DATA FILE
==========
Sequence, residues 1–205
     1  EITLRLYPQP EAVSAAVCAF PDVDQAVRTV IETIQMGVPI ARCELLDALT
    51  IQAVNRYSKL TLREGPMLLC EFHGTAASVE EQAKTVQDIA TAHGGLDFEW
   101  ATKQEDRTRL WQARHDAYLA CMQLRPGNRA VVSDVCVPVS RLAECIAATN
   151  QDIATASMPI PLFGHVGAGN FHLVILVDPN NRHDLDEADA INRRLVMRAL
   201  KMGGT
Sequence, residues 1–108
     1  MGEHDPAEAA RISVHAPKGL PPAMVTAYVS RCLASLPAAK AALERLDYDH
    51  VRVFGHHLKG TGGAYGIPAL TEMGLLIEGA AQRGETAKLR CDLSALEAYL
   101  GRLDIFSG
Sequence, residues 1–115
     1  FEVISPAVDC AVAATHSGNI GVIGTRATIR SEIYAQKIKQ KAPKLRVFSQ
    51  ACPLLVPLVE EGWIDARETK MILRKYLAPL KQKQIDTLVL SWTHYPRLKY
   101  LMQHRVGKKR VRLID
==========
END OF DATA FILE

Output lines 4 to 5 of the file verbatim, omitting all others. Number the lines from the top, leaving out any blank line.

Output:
   101  ATKQEDRTRL WQARHDAYLA CMQLRPGNRA VVSDVCVPVS RLAECIAATN
   151  QDIATASMPI PLFGHVGAGN FHLVILVDPN NRHDLDEADA INRRLVMRAL